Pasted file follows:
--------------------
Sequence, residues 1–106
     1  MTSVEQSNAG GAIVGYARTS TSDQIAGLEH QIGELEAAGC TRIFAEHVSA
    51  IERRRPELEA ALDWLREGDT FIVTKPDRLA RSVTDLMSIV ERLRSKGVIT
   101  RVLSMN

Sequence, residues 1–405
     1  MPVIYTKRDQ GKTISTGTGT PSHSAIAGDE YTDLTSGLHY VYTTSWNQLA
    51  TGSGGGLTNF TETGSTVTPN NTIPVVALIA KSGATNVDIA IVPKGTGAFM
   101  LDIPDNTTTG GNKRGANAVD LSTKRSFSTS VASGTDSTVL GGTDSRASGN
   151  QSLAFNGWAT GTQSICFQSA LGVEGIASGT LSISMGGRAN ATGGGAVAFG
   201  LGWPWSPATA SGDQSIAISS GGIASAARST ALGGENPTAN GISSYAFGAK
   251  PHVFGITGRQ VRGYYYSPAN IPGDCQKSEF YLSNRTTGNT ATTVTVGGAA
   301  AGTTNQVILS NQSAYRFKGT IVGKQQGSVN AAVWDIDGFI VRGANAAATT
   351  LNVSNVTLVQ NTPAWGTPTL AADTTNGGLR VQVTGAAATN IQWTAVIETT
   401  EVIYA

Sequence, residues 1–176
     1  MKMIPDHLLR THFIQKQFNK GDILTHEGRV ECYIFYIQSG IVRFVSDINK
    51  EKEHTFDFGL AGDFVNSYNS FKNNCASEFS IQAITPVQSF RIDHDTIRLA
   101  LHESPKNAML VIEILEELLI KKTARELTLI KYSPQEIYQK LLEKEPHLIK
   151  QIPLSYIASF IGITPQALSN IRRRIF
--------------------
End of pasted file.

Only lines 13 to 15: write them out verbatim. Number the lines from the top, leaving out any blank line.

   351  LNVSNVTLVQ NTPAWGTPTL AADTTNGGLR VQVTGAAATN IQWTAVIETT
   401  EVIYA

Sequence, residues 1–176